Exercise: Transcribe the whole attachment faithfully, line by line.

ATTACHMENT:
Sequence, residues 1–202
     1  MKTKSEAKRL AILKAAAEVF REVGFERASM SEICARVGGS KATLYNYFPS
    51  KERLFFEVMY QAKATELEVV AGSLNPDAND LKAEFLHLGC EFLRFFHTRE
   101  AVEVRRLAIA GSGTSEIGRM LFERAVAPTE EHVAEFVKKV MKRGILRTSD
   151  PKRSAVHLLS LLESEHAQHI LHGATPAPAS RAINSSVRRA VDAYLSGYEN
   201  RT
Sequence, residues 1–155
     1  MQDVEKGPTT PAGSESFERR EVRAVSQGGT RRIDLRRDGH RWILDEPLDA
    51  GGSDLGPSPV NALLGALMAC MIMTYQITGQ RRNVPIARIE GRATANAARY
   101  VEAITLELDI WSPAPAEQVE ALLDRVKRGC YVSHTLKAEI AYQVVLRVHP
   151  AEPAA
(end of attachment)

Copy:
Sequence, residues 1–202
     1  MKTKSEAKRL AILKAAAEVF REVGFERASM SEICARVGGS KATLYNYFPS
    51  KERLFFEVMY QAKATELEVV AGSLNPDAND LKAEFLHLGC EFLRFFHTRE
   101  AVEVRRLAIA GSGTSEIGRM LFERAVAPTE EHVAEFVKKV MKRGILRTSD
   151  PKRSAVHLLS LLESEHAQHI LHGATPAPAS RAINSSVRRA VDAYLSGYEN
   201  RT
Sequence, residues 1–155
     1  MQDVEKGPTT PAGSESFERR EVRAVSQGGT RRIDLRRDGH RWILDEPLDA
    51  GGSDLGPSPV NALLGALMAC MIMTYQITGQ RRNVPIARIE GRATANAARY
   101  VEAITLELDI WSPAPAEQVE ALLDRVKRGC YVSHTLKAEI AYQVVLRVHP
   151  AEPAA